Yesterday the House Finance Committee approved the House’s version of tax reform, the legislation may move to a vote of the full House as early as tomorrow.
Of interest are three amendments that were proposed during the committee meeting, two of which were rejected and one that was approved. The approved amendment was one to remove a $25,000 cap on itemized deductions for mortgage interest, charitable deductions and property taxes paid. Removing the cap and allowing for the larger itemized deductions is estimated to reduce tax revenue by roughly $500 million – presumably over the next five years.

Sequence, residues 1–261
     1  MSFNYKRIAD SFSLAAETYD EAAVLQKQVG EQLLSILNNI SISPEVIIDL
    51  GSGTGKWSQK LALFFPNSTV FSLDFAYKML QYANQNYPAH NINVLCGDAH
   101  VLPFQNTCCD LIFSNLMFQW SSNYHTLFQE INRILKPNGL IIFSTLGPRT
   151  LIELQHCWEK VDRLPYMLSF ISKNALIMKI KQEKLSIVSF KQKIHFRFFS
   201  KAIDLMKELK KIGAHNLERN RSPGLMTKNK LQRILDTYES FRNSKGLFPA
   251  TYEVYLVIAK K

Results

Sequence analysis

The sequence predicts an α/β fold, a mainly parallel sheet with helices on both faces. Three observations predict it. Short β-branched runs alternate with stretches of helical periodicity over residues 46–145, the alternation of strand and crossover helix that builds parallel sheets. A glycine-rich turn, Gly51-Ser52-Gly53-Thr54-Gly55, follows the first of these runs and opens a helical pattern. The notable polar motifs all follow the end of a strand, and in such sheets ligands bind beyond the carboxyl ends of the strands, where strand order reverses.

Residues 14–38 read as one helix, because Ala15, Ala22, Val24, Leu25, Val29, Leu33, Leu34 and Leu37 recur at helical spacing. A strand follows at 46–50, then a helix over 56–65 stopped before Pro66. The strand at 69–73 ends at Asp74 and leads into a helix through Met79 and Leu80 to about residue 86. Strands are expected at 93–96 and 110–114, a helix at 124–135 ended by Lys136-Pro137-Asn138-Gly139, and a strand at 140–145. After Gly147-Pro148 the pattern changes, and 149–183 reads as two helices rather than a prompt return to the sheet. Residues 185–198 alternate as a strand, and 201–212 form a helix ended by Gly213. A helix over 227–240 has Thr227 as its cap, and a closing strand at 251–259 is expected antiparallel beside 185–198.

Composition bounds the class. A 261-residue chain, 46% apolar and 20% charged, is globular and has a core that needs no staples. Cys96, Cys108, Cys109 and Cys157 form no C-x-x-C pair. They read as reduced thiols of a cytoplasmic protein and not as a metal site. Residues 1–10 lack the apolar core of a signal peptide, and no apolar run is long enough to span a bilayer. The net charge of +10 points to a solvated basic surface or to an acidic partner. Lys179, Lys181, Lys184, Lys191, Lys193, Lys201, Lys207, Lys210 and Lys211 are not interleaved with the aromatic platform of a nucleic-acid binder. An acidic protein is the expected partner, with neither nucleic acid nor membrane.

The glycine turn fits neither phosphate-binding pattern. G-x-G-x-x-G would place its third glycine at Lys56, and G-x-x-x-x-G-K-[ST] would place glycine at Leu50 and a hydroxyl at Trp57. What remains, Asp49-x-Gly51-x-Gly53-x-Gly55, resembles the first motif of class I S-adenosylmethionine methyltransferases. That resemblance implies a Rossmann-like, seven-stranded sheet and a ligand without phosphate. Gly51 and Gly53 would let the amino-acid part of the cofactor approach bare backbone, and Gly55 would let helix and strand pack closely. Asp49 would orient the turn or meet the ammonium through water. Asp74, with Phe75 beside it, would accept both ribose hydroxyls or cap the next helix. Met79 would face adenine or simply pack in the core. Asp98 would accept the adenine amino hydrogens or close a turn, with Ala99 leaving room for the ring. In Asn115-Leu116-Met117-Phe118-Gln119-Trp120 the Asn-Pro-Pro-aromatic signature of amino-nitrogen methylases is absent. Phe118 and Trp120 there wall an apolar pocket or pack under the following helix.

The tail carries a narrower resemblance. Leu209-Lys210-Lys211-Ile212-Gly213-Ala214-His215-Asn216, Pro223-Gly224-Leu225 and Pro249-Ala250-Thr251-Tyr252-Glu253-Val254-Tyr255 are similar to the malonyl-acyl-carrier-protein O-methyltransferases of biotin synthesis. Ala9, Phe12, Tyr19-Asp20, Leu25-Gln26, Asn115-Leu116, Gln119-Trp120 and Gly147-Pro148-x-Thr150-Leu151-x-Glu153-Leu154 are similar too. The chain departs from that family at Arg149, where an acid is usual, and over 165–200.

The two amendments that were defeated include one that would keep the top marginal personal income tax rate of 7.75% to kick in on income above $1 million; along with an amendment to end the state’s controversial film tax credit this year rather than the already-scheduled sunset date of 2014.
Overall, the House’s tax plan is projected to reduce the state’s tax burden by about $1.5 billion over the next five years compared to what the current tax code is projected to collect over that time.